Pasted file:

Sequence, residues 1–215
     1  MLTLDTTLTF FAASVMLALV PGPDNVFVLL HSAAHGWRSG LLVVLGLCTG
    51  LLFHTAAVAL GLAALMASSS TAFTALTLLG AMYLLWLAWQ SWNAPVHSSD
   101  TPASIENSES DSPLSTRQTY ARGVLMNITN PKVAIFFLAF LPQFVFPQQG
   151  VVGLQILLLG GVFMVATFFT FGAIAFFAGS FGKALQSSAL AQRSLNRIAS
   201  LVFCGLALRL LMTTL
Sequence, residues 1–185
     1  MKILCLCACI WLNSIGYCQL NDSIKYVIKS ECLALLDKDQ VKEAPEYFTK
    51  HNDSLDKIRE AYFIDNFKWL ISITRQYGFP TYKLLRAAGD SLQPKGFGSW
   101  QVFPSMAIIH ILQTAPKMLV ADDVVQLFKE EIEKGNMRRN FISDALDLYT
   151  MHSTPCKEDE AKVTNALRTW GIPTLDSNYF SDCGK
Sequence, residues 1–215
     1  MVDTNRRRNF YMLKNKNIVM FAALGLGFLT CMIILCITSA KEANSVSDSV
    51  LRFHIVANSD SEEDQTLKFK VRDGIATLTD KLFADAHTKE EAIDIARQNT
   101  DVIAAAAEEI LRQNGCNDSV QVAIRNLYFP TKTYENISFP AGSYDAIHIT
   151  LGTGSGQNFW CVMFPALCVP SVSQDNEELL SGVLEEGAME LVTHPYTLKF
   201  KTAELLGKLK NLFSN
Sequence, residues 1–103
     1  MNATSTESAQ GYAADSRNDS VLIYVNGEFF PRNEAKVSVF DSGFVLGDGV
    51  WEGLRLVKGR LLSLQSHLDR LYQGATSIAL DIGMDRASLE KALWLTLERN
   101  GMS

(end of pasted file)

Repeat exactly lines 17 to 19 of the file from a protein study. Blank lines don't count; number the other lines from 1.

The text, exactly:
   201  KTAELLGKLK NLFSN
Sequence, residues 1–103
     1  MNATSTESAQ GYAADSRNDS VLIYVNGEFF PRNEAKVSVF DSGFVLGDGV